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What makes a great manager?

You can train and mentor until your head explodes, but the truth is that, to get a good manager you’ve got to start with the right kind of person. And what does that person actually look like? Probably something like Tracy Wilson at Tabla or Todd Orlando at Old Chicago, possibly Ed Berkle at ESPN Zone or Tommy Hart at Smith & Wollensky, or even Shona Barnes at Charley’s Fresh Grilled Subs. All five of these pros have become top restaurant managers. And here’s why.

Tracy Wilson, Tabla, New York, New York

  • Sales up 20 percent since ’04, to nearly $8 million
  • Bottom line improved by  5 to 6 percent
  • Senior female manager at Union Square Hospitality Group
  • Staff turnover less than 5 percent per year

It’s a familiar story: midwestern girl with big dreams of working the stage moves to New York. Suddenly, the economy tanks and so does the theater industry. With few prospects, girl lands in the restaurant business, a stopgap while contemplating her next move.

But for Tracy Wilson there’d be no next move. Seventeen years later, she’s still in the restaurant business. Her stage today is Tabla, a “New Indian” restaurant and part of Danny Meyer’s Union Square Hospitality Group, which also includes Gramercy Tavern, where Wilson started bussing tables in 1994. She worked her way up to executive captain in charge of service there before being offered the assistant GM spot when Tabla opened in 1998.

Wilson, described by USHG director of operations Richard Corine as both a great student and exceptional teacher, was named GM two years ago. She and chef/partner Floyd Cardoz manage 100-plus employees. On an average day, they’ll do 100 to 150 lunches and up to 450 dinners. Sales have grown by 20 percent, and the bottom line is stronger than ever.

Keys to that growth have been Wilson’s frugality and her ability to unite a team and pamper guests.

“We’re constantly fixing things, upgrading and keeping the space fresh,” she says. “But I have such respect for the business that I don’t buy a paperclip without thinking about it.”

Putting in five 12- to 14-hour days a week, Wilson fosters team spirit by creating morale-building events such as a recent barista Olympics and softball team. “I get goofy, I cheer them on,” she says. “Good managers make serving their staff a No. 1 priority.”

She also empowers them to go the extra step. A program she initiated, Plus One, allows staff to hand out cards describing the history of the building if they overhear a guest commenting on it, for instance. Or to give a shawl if a guest is cold.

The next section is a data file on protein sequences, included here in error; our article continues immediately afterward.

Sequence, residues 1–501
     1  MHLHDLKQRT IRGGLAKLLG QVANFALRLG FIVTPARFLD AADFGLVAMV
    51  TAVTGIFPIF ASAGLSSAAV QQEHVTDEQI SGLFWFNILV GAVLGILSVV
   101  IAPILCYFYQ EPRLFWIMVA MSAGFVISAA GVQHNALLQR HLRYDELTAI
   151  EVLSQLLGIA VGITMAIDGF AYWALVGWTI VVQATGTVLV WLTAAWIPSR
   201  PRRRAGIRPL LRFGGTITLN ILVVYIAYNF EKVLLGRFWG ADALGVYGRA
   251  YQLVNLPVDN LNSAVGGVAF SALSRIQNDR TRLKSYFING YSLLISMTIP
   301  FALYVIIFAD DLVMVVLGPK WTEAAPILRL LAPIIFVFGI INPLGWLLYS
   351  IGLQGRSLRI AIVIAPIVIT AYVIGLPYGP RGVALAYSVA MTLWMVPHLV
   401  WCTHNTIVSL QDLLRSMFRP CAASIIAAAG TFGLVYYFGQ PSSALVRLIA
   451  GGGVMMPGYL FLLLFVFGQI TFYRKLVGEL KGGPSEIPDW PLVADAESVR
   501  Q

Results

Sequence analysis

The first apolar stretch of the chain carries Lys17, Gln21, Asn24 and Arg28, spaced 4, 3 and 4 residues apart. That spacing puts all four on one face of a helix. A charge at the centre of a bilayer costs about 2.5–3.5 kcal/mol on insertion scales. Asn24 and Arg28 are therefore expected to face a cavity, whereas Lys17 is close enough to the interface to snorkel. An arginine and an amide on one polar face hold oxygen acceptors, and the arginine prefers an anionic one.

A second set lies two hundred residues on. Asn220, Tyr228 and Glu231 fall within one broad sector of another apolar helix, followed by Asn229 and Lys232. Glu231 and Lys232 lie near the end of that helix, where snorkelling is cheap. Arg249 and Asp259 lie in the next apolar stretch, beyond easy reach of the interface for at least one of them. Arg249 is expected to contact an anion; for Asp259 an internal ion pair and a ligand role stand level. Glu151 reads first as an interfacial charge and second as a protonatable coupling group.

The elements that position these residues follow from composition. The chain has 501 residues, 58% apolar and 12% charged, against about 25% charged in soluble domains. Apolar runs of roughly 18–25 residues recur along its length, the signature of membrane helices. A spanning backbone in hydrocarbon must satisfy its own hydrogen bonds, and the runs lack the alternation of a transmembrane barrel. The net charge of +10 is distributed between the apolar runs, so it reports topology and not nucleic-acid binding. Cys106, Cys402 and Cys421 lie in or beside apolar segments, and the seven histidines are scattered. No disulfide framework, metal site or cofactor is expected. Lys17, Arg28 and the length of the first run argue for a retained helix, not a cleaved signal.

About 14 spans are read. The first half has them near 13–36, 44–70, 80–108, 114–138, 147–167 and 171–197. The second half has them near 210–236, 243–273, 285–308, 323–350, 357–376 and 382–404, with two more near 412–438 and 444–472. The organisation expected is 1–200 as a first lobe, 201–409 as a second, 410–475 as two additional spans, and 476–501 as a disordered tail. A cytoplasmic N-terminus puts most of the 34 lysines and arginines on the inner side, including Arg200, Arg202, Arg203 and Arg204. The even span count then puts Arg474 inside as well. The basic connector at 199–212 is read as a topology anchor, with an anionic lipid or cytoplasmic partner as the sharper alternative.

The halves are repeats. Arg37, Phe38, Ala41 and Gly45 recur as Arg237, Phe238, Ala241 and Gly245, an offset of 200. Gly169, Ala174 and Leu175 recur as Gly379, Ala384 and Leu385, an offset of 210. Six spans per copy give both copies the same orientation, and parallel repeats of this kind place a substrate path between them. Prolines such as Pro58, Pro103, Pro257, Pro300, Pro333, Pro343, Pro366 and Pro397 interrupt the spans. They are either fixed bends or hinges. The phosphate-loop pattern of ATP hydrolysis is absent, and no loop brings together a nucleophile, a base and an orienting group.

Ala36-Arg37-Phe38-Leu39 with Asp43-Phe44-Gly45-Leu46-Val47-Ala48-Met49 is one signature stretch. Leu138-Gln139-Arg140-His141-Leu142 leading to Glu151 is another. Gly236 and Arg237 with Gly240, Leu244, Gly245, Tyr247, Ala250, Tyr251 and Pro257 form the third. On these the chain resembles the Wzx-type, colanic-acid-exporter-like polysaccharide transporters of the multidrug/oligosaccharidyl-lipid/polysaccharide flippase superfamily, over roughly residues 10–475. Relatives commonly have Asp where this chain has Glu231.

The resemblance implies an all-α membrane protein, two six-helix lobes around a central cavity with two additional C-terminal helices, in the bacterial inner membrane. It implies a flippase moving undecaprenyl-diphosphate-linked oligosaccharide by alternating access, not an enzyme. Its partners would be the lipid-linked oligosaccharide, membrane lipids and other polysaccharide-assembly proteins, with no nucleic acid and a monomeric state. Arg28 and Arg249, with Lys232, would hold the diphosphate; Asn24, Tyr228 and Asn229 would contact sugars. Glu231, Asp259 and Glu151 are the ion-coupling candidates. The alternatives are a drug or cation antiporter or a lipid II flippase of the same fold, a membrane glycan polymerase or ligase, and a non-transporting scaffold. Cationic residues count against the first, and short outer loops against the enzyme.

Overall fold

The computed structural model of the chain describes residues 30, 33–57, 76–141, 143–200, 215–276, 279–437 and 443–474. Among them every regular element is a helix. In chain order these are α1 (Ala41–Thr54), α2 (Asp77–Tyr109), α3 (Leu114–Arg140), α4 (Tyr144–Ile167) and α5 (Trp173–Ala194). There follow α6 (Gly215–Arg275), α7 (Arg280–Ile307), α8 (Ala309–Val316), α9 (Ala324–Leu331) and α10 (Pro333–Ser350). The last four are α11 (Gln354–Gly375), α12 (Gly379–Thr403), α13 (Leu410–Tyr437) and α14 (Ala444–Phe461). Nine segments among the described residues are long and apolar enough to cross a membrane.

“It empowers them,” Wilson says, “to do something really cool for their guests.”

PLAYBOOK  Service for the staffers

“Servicing staff is just as importa

nt as servicing customers. It starts with really getting to know them, treating them like family, doing whatever you need to do to be uplifting for them. That includes everything from finding them a
doctor, to celebrating birthdays, to providing the ongoing training and service tools that help them succeed.”

Todd Orlando, Old Chicago,  Fort Collins, Colorado

  • In Top 10 in sales among all units     
  • In Top 5 for shopper reports, 2005
  • 69 percent turnover, in Top 10 company wide   
  •  GM of the Year, 2003

If he wasn’t in the restaurant business, todd orlando might play percussion full-time. “Playing in a band is the only time I get the same kind of rush as I do working in restaurants,” he says.

But Orlando’s not about to give up his gig as GM of Old Chicago in Fort Collins, Colorado. Armed with a degree in hotel and restaurant management and a few years of experience, he joined the company in 1999 in Dallas and three years ago moved here.

Orlando’s store sales are consistently well above the company’s average. His performance in everything from labor-cost management to server retention to bottom-line profitability contributed to his being named GM of the Year in ’03 and keeps him in the Top 10 among managers company wide. He’s helped open a new unit in Kansas City and sits on committees at the home office to share operations and management input for long-range planning. And he’s twice been awarded the company’s VITA award (it stands for vitality), which annually recognizes one manager for bringing Old Chicago’s corporate culture to life.